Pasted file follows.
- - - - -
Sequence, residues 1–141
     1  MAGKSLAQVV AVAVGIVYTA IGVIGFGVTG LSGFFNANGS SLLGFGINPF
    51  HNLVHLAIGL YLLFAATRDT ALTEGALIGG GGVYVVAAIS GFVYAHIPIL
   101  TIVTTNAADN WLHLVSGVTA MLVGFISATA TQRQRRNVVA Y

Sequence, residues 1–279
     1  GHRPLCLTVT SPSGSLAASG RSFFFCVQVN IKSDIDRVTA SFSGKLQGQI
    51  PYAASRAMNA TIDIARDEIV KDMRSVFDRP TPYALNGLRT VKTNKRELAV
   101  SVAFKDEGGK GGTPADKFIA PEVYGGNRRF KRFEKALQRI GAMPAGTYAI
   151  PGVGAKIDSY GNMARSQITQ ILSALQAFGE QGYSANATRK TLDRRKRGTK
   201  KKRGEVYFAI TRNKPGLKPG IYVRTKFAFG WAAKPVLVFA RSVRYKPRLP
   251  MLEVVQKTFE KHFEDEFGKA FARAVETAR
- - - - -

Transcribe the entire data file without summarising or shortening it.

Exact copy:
Sequence, residues 1–141
     1  MAGKSLAQVV AVAVGIVYTA IGVIGFGVTG LSGFFNANGS SLLGFGINPF
    51  HNLVHLAIGL YLLFAATRDT ALTEGALIGG GGVYVVAAIS GFVYAHIPIL
   101  TIVTTNAADN WLHLVSGVTA MLVGFISATA TQRQRRNVVA Y

Sequence, residues 1–279
     1  GHRPLCLTVT SPSGSLAASG RSFFFCVQVN IKSDIDRVTA SFSGKLQGQI
    51  PYAASRAMNA TIDIARDEIV KDMRSVFDRP TPYALNGLRT VKTNKRELAV
   101  SVAFKDEGGK GGTPADKFIA PEVYGGNRRF KRFEKALQRI GAMPAGTYAI
   151  PGVGAKIDSY GNMARSQITQ ILSALQAFGE QGYSANATRK TLDRRKRGTK
   201  KKRGEVYFAI TRNKPGLKPG IYVRTKFAFG WAAKPVLVFA RSVRYKPRLP
   251  MLEVVQKTFE KHFEDEFGKA FARAVETAR